I am a recovering liberal arts major. I adore my liberal arts education that fed (and continues to feed) my inquiring and often fragmented literary brain through film and history and literature and as little science and math as possible. And lots and lots of theatre. I once heard my Harvard classmate Peter Sellars, a number of years after we graduated, say in a public talk about living a life in the theatre and reminiscing about how the museums and libraries of his youth in Pittsburgh encouraged him to be “an interdisciplinary child”. I’ve always loved that phrase. I continue to follow that interdisciplinary, connection-finding (hey some call it ADD but hey it works for me), overlapping-meaning-seeking, discipline-wandering way through theatre projects, writing projects, research projects, and just getting to know a series of home base cities over the past few years. I also come from a long line of fabulous women, some thwarted in their dreams and some who crafted treasures I am just beginning to try to understand. And sometimes all these worlds collide as they did on October 19, 2010 in the South Court Auditorium of the Stephen A. Schwarzman Building of the 42nd Street Branch of the New York Public Library.
Once I obtained my New York Public Library card (see here for my theatre-life postings on that subject http://wp.me/p1dUHf-Cn) I began receiving presents in my email inbox announcing screenings and lectures and new acquisitions. Just the kind of thing that gets my geeky heart all a-twitter. And some weeks ago I received advance notice of three days of free public lectures on the subject of Virginia Woolf that I noted in my calendar. 10/19: “Goddesses and Ghosts: Virginia Woolf and Jane Ellen Harrison in Conversation”; 10/20: “When is a Printed Book as Good as a Manuscript? The Proof Copy of A Room of One’s Own“; and 10/21: “On Traffic Lights and Full Stops: Editing Mrs. Dalloway”. As my appointments developed in ensuing weeks, the 10/19 lecture, the first of the three lectures, on Woolf and Harrison (a boundary spanning anthropologist and classicist herself) emerged as the one lecture I could attend.
Ah, a delight. Jean Mills, Assistant Professor at John Jay College, CUNY has been writing on the work of these two women for some time, and graced the assembled crowd with charming context, imagery, substance, conversation. Woolf wrote in the pacifist essay Three Guineas (1938):
“… listen not to the bark of the guns and to the bray of gramophones but to the voices of the poets, answering each other, assuring us of a unity that rubs out divisions as if they were chalkmarks only … the capacity of the human spirit to overflow boundaries and make unity out of multiplicity”.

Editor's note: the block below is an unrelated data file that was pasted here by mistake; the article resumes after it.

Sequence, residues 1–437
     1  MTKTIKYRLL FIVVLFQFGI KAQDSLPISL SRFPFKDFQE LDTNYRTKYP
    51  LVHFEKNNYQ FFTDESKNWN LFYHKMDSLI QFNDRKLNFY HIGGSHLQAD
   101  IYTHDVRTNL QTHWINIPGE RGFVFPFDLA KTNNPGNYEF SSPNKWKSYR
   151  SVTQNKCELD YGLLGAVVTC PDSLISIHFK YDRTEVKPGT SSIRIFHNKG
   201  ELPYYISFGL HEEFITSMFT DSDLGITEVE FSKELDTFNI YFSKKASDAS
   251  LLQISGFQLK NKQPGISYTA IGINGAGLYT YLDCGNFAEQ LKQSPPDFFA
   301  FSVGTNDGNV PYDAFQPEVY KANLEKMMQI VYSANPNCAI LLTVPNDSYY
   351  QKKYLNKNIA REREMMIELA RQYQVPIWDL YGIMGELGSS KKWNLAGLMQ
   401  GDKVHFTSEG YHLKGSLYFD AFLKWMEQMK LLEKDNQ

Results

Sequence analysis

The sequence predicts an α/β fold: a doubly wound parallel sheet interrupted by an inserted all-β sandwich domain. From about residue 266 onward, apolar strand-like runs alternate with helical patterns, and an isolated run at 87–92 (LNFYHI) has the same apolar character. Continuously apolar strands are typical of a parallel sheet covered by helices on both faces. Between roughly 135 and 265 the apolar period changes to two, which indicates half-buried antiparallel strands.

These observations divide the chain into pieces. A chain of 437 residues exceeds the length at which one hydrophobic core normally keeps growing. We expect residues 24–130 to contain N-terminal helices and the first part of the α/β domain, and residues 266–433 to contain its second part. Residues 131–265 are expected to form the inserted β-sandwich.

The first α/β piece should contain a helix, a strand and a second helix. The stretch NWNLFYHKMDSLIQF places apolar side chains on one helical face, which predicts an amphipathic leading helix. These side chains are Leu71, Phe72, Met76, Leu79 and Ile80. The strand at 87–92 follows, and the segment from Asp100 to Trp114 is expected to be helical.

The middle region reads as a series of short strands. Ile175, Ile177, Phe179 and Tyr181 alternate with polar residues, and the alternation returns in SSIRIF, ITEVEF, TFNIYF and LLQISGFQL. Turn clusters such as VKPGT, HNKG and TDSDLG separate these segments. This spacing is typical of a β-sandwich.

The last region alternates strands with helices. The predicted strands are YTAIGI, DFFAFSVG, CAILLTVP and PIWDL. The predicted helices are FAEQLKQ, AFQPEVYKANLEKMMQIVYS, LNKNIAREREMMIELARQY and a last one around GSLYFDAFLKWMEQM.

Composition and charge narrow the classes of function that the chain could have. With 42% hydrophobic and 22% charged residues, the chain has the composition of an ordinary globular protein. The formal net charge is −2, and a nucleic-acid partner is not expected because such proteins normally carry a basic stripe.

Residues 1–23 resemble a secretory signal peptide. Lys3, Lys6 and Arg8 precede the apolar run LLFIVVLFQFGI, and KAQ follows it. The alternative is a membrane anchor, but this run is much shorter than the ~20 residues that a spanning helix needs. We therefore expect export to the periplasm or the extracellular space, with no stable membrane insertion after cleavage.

Mills presents the well documented case that Woolf (1882-1941) and Jane Ellen Harrison (1850-1928) certainly knew each other and had an intellectual relationship. Mills argues that Harrison was for Woolf an “intellectual mentor” and that certainly the writing of the two women, their texts, talk to one another. I love this kind of thinking that combines biography with thick and careful reading of texts and the ideas contained within them.
Harrison, as I learn in this talk that focused not on mythology but on political positions about pacifism, is a classical scholar who reinterprets Greek mythology through a feminist lens at the beginning of the 20th Century. She eschews merely translating texts from the original Greek and Latin and instead illuminates archeological and anthropological facts and findings. She interprets cultures and icons and goddesses. She finds new meaning.
And as I listen to Mills discuss the legacy of this early 20th century thinker this lovely New York City afternoon, I recall, all too slowly, my own relative and her work in myth and anthropology and I wonder if there are any connections. Cornelia Steketee Hulst, an archaeologist and the sister of my great grandfather Jacob Steketee, a woman who died a few years before I was born, published the book Perseus and the Gorgon in 1946. I grew up hearing my mother speak with some pride of “Aunt Cornelia” who mother knew when she was a new bride, and who mom respected for living a life of the mind and having graduate degrees. I think Mom wanted me to know all about her and the possibilities of this kind of life. Mom had plans to name her final child Cornelia if it had been a girl (it was a boy she named Joe, who now has a delightful daughter of his own). I will summarize Cornelia’s work in this book from Olympia Dukakis‘ 2003 memoir Ask Me Again Tomorrow. In this book, Dukakis writes of the role this slim tome plays in her research for a role that becomes for her a continuing personal spiritual inquiry:
“From a box in the back of the store, I pulled out a small book called Perseus and the Gorgon, by Cornelia Steketee Hulst, an archaeologist who wrote about a 1911 dig on the island of Corfu. The book was dedicated to Gorgo, a goddess figure from Greek mythology — she with the hair of writing snakes — so terrifying that anyone who gazed at her would turn to stone. According to Hulst, the Gorgon of Corfu had once been the goddess Ashirat (which means happiness, energy, and joy). When the island was overrun by Perseus (whose name means “to lay waste”), he cut off her head and sacked her temple. He also decided that her name should be stricken from all written records and that henceforth she should only be known as Gorgon, the snake goddess. In describing what Perseus had done, Hulst wrote that he had ‘buried in oblivion and covered with silence the teachings of the Great Mother.”
I flipped to the sources in Great Grand Aunt Cornelia’s book when I returned home from the Woolf-Harrison lecture and there in the alphabetized bibliography is the cryptic listing J. E. Harrison, Ancient Art and Religion; Themis.
My world’s collide and new moons and stars are formed, and perhaps goddesses spin off to find their own orbits.
© Martha Wade Steketee (October 20, 2010)